In the latest travel update from the UK government, the transport secretary is expected to announce that more countries’ vaccine certifications will be recognised.

Grant Shapps could approve at least 12 more nations’ vaccines, reports the Guardian, meaning travellers from there will no longer have to quarantine upon arrival to the UK (provided they haven’t come from a red list country).

Emirates returns “SuperJumbo” to Gatwick route in time for Christmas

14:24 , Simon Calder

London Gatwick, which was previously the world’s busiest single-runway airport, has at last received a crumb of comfort: Emirates is planning to bring the Airbus A380 back in time for Christmas.

The Sussex airport has lagged behind other Emirates gateways in getting a link to Dubai restored. London Heathrow and Manchester already have multiple Airbus A380 services, while Birmingham, Glasgow and Newcastle are also back on the Emirates network.

The Dubai-based airline had already announced a return to Gatwick, but with a smaller Boeing 777 aircraft. The daily link will now be served by the double-deck A380, with almost 50 per cent more seats.

Richard Jewsbury, divisional vice-president UK for Emirates, said: “Upgrading the Gatwick route to our incredible A380 will help us meet ever growing demand for international travel from the British public.

“London Gatwick airport has long been a valued partner for Emirates and we look forward to welcoming passengers back onboard Emirates’ flagship aircraft soon.”

At present Gatwick is operating with only its smaller North Terminal, with the South Terminal mothballed.

An Emirates A380 (Emirates)
An Emirates A380 (Emirates)

United Airlines restoring flights from London Heathrow to the US

13:58 , Simon Calder

One of the world’s biggest airlines is to restore some of the links between London Heathrow and the US that were cut during the coronavirus pandemic.

The carrier will offer seven daily flights to and from its hub at Newark, New York. United claims the highest frequency of any US airline from Heathrow to New York, but British Airways flies more often – serving both Newark and JFK.

The United schedule from Newark to Heathrow offers overnight flights on the hour, every hour, from 6pm to 11pm, as well as a daytime service at 8.30am.

From Heathrow, departures are also on the hour at 8, 9 and 10am; 12 noon; and 1, 4 and 6pm.

United will also add a link from Heathrow to Boston, which it did not previously serve, and boost service to Denver and San Francisco.

A United plane (Simon Calder)
A United plane (Simon Calder)

‘No plans’ to remove hotel quarantine, says government spokesperson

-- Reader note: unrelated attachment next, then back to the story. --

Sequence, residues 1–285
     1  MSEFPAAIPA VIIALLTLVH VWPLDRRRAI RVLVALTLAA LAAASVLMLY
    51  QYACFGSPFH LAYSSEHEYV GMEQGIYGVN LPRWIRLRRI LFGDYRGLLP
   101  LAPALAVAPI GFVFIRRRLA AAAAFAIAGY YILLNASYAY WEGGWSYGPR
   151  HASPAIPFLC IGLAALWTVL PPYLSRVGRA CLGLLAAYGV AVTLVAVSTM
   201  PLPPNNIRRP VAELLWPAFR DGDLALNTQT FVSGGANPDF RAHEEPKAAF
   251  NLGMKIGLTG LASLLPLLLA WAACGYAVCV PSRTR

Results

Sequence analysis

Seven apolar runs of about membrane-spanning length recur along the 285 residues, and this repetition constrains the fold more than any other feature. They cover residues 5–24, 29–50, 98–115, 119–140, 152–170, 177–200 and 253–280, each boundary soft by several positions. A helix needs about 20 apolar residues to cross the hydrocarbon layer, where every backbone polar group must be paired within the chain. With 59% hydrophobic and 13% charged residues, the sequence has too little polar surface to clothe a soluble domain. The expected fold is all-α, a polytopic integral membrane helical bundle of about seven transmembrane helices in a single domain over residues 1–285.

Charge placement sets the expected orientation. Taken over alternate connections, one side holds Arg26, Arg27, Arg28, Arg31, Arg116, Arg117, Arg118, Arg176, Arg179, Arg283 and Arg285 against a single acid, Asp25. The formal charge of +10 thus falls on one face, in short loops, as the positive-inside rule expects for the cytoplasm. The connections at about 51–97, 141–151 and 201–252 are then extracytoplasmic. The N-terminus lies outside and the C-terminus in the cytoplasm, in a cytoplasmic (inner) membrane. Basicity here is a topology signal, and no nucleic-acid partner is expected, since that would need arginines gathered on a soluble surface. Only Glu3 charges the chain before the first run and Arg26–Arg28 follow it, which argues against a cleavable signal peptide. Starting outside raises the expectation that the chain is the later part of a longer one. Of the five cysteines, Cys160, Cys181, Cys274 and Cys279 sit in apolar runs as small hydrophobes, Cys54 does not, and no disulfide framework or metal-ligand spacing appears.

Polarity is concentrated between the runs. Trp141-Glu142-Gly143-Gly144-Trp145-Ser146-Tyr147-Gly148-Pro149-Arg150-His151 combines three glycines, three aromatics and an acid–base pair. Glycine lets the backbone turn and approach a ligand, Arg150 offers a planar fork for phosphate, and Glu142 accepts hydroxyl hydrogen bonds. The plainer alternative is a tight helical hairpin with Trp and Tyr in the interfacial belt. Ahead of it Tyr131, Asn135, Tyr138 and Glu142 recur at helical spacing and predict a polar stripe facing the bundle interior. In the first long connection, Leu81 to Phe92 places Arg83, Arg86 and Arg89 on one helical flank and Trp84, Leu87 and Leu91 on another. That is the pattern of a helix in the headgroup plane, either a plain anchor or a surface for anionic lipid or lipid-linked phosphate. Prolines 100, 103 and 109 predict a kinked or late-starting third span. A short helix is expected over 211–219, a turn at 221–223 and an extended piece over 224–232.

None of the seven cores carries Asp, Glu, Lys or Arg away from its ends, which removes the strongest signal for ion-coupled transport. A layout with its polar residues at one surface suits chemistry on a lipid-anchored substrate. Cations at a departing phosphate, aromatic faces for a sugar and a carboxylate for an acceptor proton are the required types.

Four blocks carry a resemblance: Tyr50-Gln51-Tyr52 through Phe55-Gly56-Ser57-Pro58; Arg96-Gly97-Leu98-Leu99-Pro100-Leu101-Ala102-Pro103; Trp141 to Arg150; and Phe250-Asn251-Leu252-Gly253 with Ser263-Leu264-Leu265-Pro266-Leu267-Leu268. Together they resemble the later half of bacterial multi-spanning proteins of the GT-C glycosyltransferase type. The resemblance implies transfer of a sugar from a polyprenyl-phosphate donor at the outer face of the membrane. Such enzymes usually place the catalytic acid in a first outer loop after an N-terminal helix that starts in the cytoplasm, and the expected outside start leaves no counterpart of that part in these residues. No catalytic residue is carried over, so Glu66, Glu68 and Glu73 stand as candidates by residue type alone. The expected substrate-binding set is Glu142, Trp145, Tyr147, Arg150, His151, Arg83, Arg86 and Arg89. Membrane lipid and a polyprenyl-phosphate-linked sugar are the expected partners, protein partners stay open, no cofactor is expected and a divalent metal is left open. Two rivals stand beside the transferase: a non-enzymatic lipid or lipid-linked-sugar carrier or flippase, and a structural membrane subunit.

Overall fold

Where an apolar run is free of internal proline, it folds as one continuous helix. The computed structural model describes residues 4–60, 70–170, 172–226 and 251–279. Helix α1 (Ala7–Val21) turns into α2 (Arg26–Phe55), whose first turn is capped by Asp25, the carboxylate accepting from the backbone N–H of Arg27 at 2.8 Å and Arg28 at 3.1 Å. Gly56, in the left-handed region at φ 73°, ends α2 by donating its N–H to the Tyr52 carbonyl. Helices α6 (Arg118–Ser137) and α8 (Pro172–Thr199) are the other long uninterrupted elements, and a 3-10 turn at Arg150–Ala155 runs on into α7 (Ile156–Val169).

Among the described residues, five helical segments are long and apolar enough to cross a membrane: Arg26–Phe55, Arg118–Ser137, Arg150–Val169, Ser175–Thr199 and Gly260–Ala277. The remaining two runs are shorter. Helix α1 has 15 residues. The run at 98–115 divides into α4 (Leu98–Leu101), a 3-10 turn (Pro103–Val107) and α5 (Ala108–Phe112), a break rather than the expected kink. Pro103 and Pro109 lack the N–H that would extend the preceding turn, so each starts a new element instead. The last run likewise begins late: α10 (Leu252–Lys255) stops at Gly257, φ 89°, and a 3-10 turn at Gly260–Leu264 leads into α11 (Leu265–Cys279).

13:35 , Lucy Thackray

England has no plans to abolish its “red list” of high-risk countries for Covid, which requires travellers to quarantine in hotels on arrival, Boris Johnson’s official spokesperson has said.

But the spokesperson did not rule out the possibility that the final seven countries on the list will be removed when transport secretary Grant Shapps unveils the latest update on travel restrictions later today.

He dismissed reports that the seven - Colombia, Dominican Republic, Ecuador, Haiti, Panama, Peru and Venezuela - will all be declared safe as “speculation”, insisting that final meetings to decide any changes were still to take place.

Read the full story:

Red list will remain, says government

Red list travel update expected ‘late afternoon'

13:03 , Helen Coffey

No 10 has confirmed that Grant Shapps will announce the latest changes to the red and Rest of World (ROW) lists for travel today, with the update expected “late afternoon”.

There has been much speculation that the seven countries currently on the UK’s red list, requiring arrivals to pay for 11 nights of hotel quarantine, will be removed.

‘Not viable to maintain Queen Elizabeth’s existing schedule’ – Cunard

11:45 , Lucy Thackray

One of the UK’s leading cruise lines, Cunard, has cancelled all previously scheduled voyages on Queen Elizabeth between February and May next year, and replaced them with new itineraries.

A statement from the company read: “Unfortunately, based on the most recent advice for cruise guests, and given the complexities of many of the international destinations involved, it will not be viable to maintain Queen Elizabeth’s existing schedule.

“All departures from 20 February to 17 May 2022 inclusive are now cancelled.”

The cruise line has announced a series of new itineraries, all from Southampton. They include voyages to the Norwegian coast, the Canary Islands, the western Mediterranean and through the Panama Canal to Vancouver.

“Cunard continues to work very closely with authorities in all the destinations visited to ensure compliance with local health and entry requirements,” the statement continued.

The line’s president, Simon Palethorpe, said: “We hope our guests will be inspired to find a little adventure with these new itineraries.

“To all guests affected by the cancelled voyages we are sorry for the disappointment this will cause and we hope to welcome many back on board when we return to Japan in 2023.”

Passengers are being offered full cash refunds or a future cruise credit with a 25 per cent bonus.

Cunard’s Queen Elizabeth cruise liner (Steve Dunlop)
Cunard’s Queen Elizabeth cruise liner (Steve Dunlop)

Five-week bus strike in North Wales

11:16 , Simon Calder

Bus services in North Wales will “grind to a halt in the run-up to Christmas,” according to the Unite union.

Four hundreds drivers working for Arriva have “voted overwhelmingly to strike,” the union says.

The stoppage will run from Sunday 14 November to Sunday 19 December and will affect depots at for Amlwch, Bangor, Hawarden (near Chester), Llandudno, Rhyl and Wrexham.